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Posted: August 5, 2008

Australia's first nanotechnology dialogue criticized as industry-biased

(Nanowerk News) Australia's first ever attempt to involve members of the public in development of nanotechnology policy is hopelessly compromised, Friends of the Earth said today. The Queensland state government has invited in industry representatives who have a financial interest in the outcomes and shut out civil society critics. Yet the public "dialogue" is slated to inform nanotechnology policy development in Queensland.
The Queensland "Nanodialogues", initiated this week, involves 12 members of the public in "dialogue" with 8 nanotechnology scientists – some of them employed by industry groups with a financial interest in the outcomes of the dialogue. One social scientist has also been invited to participate, but there is no representation from nanotechnology stakeholders who have been critical of nanotechnology policy to date, eg environment, health, civil liberties and social justice groups, unions or ethicists.
Friends of the Earth emphasises that it will be extremely difficult for "Nanodialogues" participants to develop informed recommendations for nanotechnology research funding and policy priorities when they are presented with only one, pro-nanotechnology, point of view.
Nanotechnology industry representatives are unlikely to draw "Nanodialogues" participants‚ attention to recent findings that carbon nanotubes present similar health risks to asbestos. Industry representatives are similarly unlikely to tell participants about calls from some of the world's poorest people for a moratorium on nanotechnology in food and agriculture, because of their concern it will further threaten their food security.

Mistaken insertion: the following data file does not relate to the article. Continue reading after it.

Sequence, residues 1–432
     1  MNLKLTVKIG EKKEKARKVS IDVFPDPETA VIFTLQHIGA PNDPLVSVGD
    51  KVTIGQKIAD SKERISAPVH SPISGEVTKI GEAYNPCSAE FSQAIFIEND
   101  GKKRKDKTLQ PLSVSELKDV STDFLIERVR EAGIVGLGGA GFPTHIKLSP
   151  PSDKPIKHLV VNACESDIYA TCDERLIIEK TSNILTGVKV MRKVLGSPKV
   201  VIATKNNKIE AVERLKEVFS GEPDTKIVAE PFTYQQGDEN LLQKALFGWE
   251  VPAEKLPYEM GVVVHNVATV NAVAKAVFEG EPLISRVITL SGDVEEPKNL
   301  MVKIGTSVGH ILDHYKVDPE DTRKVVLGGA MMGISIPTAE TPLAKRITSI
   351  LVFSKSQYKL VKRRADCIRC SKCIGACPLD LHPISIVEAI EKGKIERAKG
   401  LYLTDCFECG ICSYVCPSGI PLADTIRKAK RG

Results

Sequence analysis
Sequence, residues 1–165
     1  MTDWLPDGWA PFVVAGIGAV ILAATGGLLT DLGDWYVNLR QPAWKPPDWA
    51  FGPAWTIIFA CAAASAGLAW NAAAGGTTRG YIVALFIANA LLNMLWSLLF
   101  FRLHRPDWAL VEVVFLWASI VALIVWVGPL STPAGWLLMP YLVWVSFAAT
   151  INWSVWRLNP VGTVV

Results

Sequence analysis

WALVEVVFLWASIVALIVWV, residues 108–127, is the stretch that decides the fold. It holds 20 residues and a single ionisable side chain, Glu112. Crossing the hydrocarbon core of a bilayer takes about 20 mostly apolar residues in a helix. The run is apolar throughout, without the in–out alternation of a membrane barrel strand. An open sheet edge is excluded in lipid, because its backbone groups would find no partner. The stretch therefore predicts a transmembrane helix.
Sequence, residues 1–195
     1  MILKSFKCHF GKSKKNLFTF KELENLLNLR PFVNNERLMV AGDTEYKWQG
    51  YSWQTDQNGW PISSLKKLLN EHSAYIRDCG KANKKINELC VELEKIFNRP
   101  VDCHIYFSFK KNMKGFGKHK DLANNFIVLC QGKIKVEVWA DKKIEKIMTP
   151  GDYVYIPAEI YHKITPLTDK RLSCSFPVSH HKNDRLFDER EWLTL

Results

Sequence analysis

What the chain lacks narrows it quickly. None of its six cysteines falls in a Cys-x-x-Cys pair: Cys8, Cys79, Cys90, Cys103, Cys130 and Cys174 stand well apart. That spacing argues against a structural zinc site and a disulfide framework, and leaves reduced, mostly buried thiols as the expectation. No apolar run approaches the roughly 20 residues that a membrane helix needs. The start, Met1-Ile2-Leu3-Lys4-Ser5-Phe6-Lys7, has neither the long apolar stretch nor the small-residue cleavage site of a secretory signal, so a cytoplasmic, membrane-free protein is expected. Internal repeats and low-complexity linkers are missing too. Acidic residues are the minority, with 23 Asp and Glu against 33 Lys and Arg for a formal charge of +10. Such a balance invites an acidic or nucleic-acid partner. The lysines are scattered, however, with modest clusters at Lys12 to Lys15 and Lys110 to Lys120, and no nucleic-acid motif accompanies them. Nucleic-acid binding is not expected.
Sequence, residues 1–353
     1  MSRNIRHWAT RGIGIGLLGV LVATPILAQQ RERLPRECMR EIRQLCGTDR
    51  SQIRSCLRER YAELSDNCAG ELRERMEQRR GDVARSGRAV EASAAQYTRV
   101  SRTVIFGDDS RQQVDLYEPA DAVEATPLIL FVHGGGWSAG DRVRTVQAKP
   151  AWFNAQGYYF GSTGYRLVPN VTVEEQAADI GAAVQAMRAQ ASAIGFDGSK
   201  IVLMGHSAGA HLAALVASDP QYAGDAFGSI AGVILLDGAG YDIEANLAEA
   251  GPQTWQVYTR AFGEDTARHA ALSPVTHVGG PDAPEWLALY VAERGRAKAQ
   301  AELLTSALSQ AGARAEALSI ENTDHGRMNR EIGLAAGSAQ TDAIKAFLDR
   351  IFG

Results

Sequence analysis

Friends of the Earth Australia strongly supports public participation in nanotechnology policy development and decision making. But we are concerned that the Queensland "Nanodialogues" are simply a public relations exercise - a free ride for nanotechnology promoters to shore up support for their industry.
If you have any thoughts or feedback about how genuine public participation should take place, please leave a comment on our website at http://nano.foe.org.au/node/260. Better yet, Friends of the Earth Australia suggest, why not email Ms Desley Boyle, Queensland Minister for Tourism, Regional Development and Industry, whose department is funding the "Nanodialogues", and let her know that you won't accept this biased process: trdi@ministerial.qld.gov.au
Source: Friends of the Earth Australia